UK start-ups at the European Space Agency Business Incubation Centre UK (ESA BIC UK) have now raised more than £200 million in equity investment collectively.
New statistics also confirm that, in addition to this, start-ups at the ESA BIC UK:
- sustain over 900 highly-skilled UK jobs
- contribute £51 million in gross value added (GVA) to the UK economy every year
- have a 95% survival rate over five years following graduation from the programme, more than double the UK average, despite the economic uncertainties of the last few years
- Supporting businesses and entrepreneurs
Since 2011, the ESA BIC UK has supported more than 130 UK start-ups and entrepreneurs.
The start-ups and entrepreneurs have used space and satellite technologies to develop new products and services across a diverse and exciting range of sectors.
Part of the world’s largest business incubation programme for space tech start-ups, it is managed by the Science and Technology Facilities Council (STFC) in collaboration with:
- UK Space Agency
- University of Leicester
- Open Cosmos: climate monitoring technology
The £200 million milestone follows a substantial funding success by start-up company Open Cosmos, raising more than £40 million to expand its satellite solutions for monitoring climate change.
Joining ESA BIC UK in 2015, Open Cosmos achieved a number of significant milestones during its tenancy.
These included launching its first satellite from the International Space Station and securing some significant contracts, including with ESA.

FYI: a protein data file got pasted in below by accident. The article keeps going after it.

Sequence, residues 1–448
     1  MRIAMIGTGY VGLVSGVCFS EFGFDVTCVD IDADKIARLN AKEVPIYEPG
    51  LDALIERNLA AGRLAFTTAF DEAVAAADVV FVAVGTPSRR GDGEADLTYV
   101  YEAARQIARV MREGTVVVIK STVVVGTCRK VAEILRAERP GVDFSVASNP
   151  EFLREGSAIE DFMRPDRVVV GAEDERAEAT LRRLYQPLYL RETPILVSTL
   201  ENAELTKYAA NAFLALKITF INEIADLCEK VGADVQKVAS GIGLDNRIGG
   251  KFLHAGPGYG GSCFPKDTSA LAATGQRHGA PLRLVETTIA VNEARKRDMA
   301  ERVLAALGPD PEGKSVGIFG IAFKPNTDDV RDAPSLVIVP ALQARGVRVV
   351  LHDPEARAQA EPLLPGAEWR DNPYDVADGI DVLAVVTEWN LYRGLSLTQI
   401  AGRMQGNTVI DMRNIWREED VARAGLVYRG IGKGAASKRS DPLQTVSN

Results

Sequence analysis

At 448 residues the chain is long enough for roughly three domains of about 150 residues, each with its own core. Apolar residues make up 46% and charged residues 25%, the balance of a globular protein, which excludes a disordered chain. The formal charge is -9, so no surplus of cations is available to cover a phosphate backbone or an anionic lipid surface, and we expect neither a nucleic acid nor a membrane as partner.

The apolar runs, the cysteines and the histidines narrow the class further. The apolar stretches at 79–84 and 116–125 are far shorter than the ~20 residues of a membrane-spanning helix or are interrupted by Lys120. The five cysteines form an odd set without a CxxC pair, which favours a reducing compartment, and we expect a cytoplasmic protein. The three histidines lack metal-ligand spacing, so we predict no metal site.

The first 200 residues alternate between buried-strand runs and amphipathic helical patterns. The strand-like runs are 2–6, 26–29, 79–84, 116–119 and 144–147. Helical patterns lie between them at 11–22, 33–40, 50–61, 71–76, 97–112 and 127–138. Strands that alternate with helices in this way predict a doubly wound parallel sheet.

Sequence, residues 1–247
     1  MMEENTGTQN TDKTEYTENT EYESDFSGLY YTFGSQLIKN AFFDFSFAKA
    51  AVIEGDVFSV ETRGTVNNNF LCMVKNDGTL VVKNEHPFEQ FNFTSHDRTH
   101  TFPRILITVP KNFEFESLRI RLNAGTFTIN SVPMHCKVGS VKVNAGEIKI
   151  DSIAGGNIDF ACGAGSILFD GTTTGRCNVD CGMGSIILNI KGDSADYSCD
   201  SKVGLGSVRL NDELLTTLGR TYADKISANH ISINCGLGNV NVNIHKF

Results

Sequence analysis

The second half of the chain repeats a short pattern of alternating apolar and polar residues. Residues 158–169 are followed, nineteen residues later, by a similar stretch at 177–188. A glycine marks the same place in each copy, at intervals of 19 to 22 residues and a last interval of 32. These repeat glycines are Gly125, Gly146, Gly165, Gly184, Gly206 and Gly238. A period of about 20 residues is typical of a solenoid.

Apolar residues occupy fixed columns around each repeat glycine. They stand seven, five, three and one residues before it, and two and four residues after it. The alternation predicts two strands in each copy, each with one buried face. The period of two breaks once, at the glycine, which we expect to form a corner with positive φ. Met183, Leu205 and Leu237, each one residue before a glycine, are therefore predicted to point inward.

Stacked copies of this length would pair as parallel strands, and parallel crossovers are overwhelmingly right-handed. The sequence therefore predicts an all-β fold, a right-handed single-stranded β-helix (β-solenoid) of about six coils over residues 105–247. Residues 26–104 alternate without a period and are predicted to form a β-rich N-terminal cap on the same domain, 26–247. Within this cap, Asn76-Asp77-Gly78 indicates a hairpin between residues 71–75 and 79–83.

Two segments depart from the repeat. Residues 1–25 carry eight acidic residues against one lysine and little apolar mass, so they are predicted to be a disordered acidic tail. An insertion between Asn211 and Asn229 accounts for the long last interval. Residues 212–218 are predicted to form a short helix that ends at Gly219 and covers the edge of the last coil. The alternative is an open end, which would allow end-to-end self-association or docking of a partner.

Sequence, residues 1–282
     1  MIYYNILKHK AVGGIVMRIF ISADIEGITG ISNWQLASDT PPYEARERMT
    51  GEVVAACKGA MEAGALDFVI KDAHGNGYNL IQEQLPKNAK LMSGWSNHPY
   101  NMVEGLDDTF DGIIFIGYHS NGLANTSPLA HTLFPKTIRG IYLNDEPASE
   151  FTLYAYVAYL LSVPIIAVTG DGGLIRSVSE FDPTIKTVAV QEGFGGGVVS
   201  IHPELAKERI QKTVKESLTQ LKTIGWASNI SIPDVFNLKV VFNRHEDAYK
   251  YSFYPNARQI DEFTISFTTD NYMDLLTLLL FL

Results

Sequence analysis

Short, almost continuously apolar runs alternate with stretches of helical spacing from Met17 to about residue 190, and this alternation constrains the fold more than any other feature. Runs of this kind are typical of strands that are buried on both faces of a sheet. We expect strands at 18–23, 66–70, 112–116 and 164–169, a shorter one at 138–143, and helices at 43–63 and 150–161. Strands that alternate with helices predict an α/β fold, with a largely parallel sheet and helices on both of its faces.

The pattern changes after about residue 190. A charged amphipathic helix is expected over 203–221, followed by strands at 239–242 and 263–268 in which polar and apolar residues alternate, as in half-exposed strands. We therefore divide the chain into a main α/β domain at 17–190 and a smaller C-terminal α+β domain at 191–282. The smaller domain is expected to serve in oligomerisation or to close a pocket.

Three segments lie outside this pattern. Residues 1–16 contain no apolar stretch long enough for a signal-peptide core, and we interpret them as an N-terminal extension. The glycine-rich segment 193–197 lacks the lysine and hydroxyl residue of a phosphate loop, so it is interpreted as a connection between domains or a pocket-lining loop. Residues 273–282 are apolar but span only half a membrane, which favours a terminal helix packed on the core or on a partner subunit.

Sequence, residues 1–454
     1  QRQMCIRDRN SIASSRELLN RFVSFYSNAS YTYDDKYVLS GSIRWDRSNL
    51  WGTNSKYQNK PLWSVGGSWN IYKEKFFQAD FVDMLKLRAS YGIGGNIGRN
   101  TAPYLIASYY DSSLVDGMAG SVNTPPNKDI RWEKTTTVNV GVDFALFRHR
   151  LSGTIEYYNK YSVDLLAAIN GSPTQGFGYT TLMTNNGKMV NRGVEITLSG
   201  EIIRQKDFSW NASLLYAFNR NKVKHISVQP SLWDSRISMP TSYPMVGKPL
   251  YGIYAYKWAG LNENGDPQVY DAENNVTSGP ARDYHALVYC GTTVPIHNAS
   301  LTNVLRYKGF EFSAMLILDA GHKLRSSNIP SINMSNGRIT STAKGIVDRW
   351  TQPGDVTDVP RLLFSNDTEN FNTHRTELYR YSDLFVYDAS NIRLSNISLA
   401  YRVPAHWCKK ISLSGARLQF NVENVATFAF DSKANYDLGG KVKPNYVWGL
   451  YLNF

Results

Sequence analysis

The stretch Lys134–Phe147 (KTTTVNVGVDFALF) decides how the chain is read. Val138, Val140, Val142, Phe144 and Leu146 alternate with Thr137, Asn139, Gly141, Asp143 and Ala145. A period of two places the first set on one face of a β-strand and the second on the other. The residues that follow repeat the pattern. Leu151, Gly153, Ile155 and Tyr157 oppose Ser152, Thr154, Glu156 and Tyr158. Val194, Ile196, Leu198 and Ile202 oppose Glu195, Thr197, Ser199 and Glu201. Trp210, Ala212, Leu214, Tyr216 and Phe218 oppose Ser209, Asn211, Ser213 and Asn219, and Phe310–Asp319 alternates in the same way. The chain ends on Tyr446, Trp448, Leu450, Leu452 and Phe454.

Open Cosmos specialises in designing, constructing, launching, and operating advanced satellites for Earth observation, from deforestation to biodiversity monitoring.
Unique in its capability to handle telecommunications, navigation, and scientific missions, Open Cosmos focuses on energy and climate monitoring.
Its unique technology platform streamlines access to Earth observation data, lowering mission costs, and enabling other start-ups to harness satellite Earth observation technologies and to test their new technologies in space.
The £40 million investment highlights Open Cosmos’s progress and its role in simplifying space technology access, aligning with the ESA BIC UK’s mission to support early-stage space companies.
Open Cosmos is just one example of the success achieved by space tech start-ups, working within a wide range of industries.
Open Cosmos have joined the ESA BIC UK at the beginning of their journeys to succeed and thrive in global markets.
Furthermore, over the last 10 years, just under half of the space-tech start-ups supported by the ESA BIC UK have had a sustainability focus.
These start-ups have developed a diverse range of sustainability-focused technologies, from validating carbon credits and rewilding projects using Earth observation data, to developing green propulsion technology for space rockets.
Satavia: world first commercial milestone
Earlier this year, green aerospace start-up Satavia signed the world’s first multi-year commercial production contract with Etihad Airways, to integrate its innovative contrail management technology into routine flights.